There are no inns in Poland where one may lodge conveniently and be accommodated with a bed. The only houses of entertainment are places, built of wood, which they call Karczma, where travelers are I obliged to lodge with the horses, cows, and hogs in a long stable made of boards, ill-joined, and thatched with straw. It is true that there is a chamber at the end of it with a stove, but it is impossible for one to lodge in it in the summer, for they never open the windows even in the hottest weather; so that strangers choose rather to lie in the stables in the summer than in the chamber. And, besides, the gospodarz, or innkeeper, lodges in that room with his children and whole family. Those who have occasion to travel in the summer may avoid part of these inconveniences by lying in a barn on fresh straw; for the gospodarz gathers and locks up every morning the straw which was given at night to those who lodged in the stable or chamber, in order to reserve it for those who shall come to lodge after them.

It must be remembered, however, that Poland was not the only country where the peasantry lived in what would seem to us the depths of destitution. It is doubtful if the condition of the English peasantry in the seventeenth century was much better, or the lodging-houses much more comfortable. Certainly many peasants' houses in Ireland, even down to the close of the nineteenth century, were little better, though recent reforms have for the most part greatly improved them.

The Jews were never a negligible quantity in Poland, having entered the country in the early years of its history. They have held the trade and commerce in their grasp during all these centuries. The peasants easily become victims to their commerciaI shrewdness, and get head over ears in debt to them, mortgaging lands and houses to obtain the means of subsistence.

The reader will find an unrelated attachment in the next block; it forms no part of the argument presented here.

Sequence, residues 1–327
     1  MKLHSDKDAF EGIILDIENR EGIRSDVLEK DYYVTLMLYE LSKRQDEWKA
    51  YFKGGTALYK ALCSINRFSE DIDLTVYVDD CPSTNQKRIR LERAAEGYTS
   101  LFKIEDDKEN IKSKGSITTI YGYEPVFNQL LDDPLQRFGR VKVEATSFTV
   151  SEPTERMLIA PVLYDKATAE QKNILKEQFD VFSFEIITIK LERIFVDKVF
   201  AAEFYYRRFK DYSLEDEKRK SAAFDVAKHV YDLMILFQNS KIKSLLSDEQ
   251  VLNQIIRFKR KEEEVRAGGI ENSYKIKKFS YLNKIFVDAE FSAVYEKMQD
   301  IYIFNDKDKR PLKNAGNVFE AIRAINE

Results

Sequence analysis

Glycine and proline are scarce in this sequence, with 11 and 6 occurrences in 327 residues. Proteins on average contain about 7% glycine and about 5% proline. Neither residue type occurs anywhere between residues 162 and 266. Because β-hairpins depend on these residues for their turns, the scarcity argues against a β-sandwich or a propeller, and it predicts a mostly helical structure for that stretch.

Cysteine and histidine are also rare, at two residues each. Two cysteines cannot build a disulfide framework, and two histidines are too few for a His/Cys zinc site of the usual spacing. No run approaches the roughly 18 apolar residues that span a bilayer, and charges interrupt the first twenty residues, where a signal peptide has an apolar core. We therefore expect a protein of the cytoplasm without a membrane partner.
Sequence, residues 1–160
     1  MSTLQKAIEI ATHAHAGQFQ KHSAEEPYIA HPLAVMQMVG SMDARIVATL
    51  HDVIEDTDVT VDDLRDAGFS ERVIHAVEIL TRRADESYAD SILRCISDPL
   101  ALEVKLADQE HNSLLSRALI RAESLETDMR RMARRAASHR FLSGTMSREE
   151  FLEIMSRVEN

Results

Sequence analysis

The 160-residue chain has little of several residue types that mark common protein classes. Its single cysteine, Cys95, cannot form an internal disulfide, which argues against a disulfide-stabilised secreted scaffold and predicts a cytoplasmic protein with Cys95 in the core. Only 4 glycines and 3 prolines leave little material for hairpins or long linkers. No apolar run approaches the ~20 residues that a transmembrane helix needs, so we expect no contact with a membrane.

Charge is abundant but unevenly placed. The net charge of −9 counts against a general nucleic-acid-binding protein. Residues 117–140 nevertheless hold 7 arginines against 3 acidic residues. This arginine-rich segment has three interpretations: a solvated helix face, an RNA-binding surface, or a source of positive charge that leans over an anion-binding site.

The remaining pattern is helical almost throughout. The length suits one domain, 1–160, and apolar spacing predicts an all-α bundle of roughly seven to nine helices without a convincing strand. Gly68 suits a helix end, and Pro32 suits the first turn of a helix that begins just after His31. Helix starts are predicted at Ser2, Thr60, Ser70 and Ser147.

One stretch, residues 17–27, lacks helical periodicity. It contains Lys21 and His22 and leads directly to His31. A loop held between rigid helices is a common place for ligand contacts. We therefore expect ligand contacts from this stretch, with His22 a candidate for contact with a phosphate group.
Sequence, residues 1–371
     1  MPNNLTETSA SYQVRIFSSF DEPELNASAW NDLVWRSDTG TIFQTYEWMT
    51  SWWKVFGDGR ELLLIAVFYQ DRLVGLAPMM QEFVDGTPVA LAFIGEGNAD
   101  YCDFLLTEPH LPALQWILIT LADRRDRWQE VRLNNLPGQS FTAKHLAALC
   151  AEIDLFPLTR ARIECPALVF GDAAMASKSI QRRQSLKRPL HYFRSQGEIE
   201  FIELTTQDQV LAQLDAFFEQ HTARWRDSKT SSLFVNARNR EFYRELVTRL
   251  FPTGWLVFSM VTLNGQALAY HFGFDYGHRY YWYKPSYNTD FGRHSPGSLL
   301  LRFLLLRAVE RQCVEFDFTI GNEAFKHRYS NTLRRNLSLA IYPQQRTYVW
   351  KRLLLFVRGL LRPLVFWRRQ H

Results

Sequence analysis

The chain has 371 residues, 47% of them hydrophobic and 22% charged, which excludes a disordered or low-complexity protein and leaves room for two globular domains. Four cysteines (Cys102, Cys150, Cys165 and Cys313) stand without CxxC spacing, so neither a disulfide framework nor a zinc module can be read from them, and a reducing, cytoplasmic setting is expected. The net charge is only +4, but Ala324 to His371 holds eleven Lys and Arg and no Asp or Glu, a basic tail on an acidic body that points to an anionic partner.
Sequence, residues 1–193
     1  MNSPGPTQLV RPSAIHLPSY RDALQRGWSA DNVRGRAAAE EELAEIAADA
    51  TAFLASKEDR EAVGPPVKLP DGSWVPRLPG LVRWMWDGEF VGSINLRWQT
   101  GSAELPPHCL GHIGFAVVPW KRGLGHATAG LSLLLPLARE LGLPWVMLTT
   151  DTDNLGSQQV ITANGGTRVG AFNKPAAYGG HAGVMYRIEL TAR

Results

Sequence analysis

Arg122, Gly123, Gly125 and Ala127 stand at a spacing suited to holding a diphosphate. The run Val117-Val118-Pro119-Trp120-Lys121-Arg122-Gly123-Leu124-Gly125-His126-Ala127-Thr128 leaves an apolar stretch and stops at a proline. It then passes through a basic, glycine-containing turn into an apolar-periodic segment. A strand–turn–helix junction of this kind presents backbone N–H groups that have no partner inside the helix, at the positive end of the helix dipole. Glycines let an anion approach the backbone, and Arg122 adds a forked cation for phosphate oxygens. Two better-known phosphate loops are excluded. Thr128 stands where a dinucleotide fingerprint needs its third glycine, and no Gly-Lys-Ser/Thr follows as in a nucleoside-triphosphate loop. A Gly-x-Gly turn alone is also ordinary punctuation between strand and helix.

This has made them hated by high and low alike. In the early days they were outcasts, and were obliged to wear Yellow caps to show their nationality. In these days, though they are allowed to discard their yellow caps, they make themselves no less conspicuous by the long corkscrew curls that hang down in front of either ear, and their long coats which come down to their heels. At least this is true in Austrian Poland, with which this book has chiefly to do, and a Jew in Galicia is as unmistakable as though he wore a placard on his forehead, proclaiming, "I am a Jew." At every railway station you see him, and in the towns you find him engaged in all sorts of business, from a push cart enterprise to a big department store, but you never see him following the plough or employed in the factory. In Russian Poland he has had to discard his curls, as they were forbidden by the decree of Nicholas I, but he clings to his long coat, his "Jewish gaberdine," which almost sweeps the ground. No wonder that, ostracized, hated, spit upon, he seeks a new and more congenial home in America.